Is the "Credit Crunch" Narrative Just a Scam?
Two points here.
First, I'll repeat something I've argued several times: the "credit crunch" meme that is so ubiquitous in the news these days obscures the larger story of the economic meltdown we're experiencing, which was precipitated by a massive loss of families' assets as the housing bubble deflated and the stock market tanked.
Second, contrary to what some think, I have no reason to believe, as others have argued, that the whole narrative was an invention the Bush administration pulled out of its collective ass in order to sell the public on throwing $700 billion at the banks under Hank Paulson's TARP boondoggle.
To the first point, here's some new data surveying the wreckage of Americans' financial health, with a hat-tip to Calculated Risk:
Rex Nutting at MarketWatch has more: Household net worth plunges 18% in 2008
Hit by the double whammy of declining home prices and a falling stock market, U.S. households saw their net worth fall by $11.2 trillion, or 18%, to $51.5 trillion at the end of 2008, wiping out five years of gains ...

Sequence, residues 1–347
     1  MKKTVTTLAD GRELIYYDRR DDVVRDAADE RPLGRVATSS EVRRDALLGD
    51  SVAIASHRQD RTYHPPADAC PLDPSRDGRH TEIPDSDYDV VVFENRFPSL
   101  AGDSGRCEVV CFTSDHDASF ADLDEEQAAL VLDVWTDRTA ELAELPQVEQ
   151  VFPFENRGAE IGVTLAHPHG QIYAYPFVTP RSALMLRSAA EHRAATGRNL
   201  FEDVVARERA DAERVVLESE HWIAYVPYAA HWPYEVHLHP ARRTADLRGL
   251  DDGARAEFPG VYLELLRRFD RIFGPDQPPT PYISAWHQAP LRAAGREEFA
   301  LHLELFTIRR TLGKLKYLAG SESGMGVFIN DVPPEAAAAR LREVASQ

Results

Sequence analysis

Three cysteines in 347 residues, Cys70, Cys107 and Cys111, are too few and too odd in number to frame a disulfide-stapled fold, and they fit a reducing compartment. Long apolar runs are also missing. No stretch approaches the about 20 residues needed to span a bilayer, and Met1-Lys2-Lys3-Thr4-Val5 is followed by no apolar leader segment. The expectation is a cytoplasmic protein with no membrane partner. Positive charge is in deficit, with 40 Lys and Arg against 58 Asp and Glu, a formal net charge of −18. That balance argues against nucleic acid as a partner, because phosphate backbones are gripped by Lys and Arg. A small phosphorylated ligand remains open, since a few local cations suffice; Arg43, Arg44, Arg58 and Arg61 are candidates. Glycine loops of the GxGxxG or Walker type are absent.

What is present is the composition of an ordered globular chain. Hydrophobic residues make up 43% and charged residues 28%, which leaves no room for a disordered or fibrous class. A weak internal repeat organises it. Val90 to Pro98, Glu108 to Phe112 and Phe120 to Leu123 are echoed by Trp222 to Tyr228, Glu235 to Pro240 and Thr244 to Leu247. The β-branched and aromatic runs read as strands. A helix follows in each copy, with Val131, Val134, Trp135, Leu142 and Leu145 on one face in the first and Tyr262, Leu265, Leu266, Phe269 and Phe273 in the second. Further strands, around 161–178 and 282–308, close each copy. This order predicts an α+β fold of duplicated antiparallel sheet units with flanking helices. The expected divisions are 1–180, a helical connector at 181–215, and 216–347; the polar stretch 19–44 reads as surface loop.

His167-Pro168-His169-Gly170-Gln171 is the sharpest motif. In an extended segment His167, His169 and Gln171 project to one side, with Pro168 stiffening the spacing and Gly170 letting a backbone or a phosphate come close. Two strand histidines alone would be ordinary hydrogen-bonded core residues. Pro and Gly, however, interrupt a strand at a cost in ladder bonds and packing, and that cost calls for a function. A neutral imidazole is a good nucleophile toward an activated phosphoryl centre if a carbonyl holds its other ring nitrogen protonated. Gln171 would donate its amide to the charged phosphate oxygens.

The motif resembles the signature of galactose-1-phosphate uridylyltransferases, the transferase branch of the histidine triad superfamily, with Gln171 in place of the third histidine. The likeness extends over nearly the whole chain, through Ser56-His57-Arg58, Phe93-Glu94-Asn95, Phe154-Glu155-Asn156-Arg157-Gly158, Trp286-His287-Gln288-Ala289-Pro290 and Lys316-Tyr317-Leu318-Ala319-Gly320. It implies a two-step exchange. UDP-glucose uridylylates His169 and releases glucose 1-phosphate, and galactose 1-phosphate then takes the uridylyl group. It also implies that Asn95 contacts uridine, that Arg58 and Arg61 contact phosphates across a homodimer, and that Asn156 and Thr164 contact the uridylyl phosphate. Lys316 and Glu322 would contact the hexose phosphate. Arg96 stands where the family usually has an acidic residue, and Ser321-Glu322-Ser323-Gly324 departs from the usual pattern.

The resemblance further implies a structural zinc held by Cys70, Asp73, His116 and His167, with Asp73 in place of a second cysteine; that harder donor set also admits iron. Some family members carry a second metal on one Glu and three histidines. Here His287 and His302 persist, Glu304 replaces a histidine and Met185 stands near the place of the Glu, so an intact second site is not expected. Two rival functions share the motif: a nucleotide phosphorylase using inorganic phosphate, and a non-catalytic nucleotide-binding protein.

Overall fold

Household percent equity was at an all time low of 43.0%.
This graph shows homeowner percent equity since 1952.
When prices were increasing dramatically, the percent homeowner equity was declining because homeowners were extracting equity from their homes. Now, with prices falling, the percent homeowner equity is Cliff Diving!
Note: approximately 31% of households do not have a mortgage. So the 50+ million households with mortgages have far less than 43.0% equity.
The third graph shows household real estate assets and mortgage debt as a percent of GDP. Household assets as a percent of GDP is now declining rapidly. Mortgage debt as a percent of GDP was up slightly in Q4, and is only declining slowly.
It's an old lesson: Assets values can fall quickly, but debt lingers!
I feel like a broken record, but this is the big story as I see it. As I wrote a few weeks ago ...